iterator in Python
  1. What is iterator in Python?
  2. Iterator and Iterable 
  3. Which methods are defined in an iterator class in python?
    1. __iter__() 
    2. __next__()
  4. Iterating Through an Iterator
  5. Create an Iterator 
iterator in python

What is an iterator in Python?

An iterator in Python is an object that contains a countable number of elements that can be iterated upon. In simpler words, we can say that Iterators are objects that allow you to traverse through all the elements of a collection and return one element at a time. More specifically, we say that an iterator is an object that implements the iterator protocol. We are going to discuss this protocol in the later section.

Iterator and Iterable

iterator in Python

Iterable is an object, which one can iterate over. It generates an Iterator when passed to the iter() method. Lists, tuples, dictionaries, strings and sets are all iterable objects. They are iterable containers that you can convert into an iterator.

Note that every iterator is also an iterable, but not every iterable is an iterator. For example, a tuple is iterable, but it is not an iterator. An iterator can be created from an iterable by using the function iter(). Thus, when we pass this tuple to an iter() function, we will get an iterator. Actually, this is possible because the class of an object has a method __iter__, which returns an iterator.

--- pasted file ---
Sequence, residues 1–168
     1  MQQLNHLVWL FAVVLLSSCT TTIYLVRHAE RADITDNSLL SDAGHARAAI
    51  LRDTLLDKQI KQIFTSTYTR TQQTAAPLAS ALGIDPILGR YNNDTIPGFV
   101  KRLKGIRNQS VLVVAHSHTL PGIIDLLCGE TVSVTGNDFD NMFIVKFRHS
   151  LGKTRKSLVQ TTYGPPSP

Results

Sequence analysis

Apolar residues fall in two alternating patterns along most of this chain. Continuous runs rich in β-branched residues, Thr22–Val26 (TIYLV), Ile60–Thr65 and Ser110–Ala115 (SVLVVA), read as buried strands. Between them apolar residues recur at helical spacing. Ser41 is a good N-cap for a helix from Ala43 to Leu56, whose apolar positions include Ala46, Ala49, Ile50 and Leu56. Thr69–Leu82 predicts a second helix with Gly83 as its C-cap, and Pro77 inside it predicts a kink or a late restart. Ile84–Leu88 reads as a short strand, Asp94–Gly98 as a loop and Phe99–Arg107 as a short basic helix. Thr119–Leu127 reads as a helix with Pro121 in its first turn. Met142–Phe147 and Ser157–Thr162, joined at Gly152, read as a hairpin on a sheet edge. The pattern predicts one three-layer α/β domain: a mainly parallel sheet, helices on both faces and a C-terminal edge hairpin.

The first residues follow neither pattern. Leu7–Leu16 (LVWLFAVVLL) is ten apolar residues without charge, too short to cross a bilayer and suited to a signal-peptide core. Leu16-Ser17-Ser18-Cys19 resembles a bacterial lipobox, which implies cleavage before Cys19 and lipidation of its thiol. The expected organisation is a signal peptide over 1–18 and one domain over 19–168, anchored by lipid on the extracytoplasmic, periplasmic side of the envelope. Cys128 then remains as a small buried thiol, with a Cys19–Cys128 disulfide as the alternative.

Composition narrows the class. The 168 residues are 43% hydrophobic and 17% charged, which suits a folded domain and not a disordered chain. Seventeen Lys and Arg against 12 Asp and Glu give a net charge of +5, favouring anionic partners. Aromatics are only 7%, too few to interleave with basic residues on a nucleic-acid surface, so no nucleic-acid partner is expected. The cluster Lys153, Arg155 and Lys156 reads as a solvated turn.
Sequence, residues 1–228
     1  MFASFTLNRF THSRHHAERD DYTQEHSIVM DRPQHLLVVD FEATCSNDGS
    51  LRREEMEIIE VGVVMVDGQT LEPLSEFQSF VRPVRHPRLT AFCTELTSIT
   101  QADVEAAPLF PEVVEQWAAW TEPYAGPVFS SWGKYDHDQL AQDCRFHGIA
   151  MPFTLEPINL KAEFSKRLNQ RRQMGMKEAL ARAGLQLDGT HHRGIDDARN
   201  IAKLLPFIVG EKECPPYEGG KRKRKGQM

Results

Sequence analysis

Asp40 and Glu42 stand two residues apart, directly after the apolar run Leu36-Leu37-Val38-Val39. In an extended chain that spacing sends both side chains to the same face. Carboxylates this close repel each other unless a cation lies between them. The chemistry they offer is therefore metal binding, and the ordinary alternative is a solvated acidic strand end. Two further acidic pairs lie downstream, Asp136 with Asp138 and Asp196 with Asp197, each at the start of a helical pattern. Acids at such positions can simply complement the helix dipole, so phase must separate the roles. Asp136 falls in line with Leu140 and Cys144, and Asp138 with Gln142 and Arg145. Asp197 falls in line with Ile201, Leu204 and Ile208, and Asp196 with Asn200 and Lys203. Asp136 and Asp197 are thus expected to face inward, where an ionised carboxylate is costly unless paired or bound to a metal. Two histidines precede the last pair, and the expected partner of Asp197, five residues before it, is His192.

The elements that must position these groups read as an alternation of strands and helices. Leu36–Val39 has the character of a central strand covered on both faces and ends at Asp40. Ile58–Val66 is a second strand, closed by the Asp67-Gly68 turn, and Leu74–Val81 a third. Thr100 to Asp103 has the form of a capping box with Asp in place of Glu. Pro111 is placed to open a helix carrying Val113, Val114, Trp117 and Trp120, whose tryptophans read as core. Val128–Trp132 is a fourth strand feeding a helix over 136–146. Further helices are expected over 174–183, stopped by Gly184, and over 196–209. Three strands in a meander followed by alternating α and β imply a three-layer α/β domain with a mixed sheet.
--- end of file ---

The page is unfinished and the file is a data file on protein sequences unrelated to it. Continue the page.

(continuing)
Which methods are defined in an iterator class in python?

As mentioned above, an object that implements the iterator protocol is an iterator. But what is this iterator protocol? An iterator protocol is nothing but a specific class in Python which further has the __iter__()  and __next__()  methods.

__iter__()

This method returns the iterator object itself as mentioned above. This is required to allow both containers and iterators to be used with the for and in statements. This method corresponds to the tp_iter slot of the type structure for Python objects in the Python/C API.

__next__()

This method returns the next item from the container. If there are no further items, raise the StopIteration exception. This method corresponds to the tp_iternext slot of the type structure for Python objects in the Python/C API.

Here is a simple example, describing these methods:

# define a iterable such as a list
>>> list1 = [0, 1, 2]
# get an iterator using iter()
>>> iter1 = list1.__iter__()
#iertae the item using __next__method
>>> print(iter1.__next__())
0

We can use the __next__ method again to get the next item, in fact, we can use it as many times as we want and each time it’ll return the next item of the iterator. But when there are no elements in the iterator to return, it throws an error.

Iterating Through an Iterator

Now that we have an iterator object, what are the various ways by which we can traverse its elements such that we only get one item at a time? In this section, we are going to see a few ways in which we can do so, also we are going to show some of the examples for you to understand iterators better:

Using the next() function

We can directly use next() function or __next__() method to traverse the elements as shown in the examples below:

# define a iterable such as a list
>>> list1 = [1, 2, 0]
# get an iterator using iter()
>>> iter1 = iter(list1)
# iterate through it using next()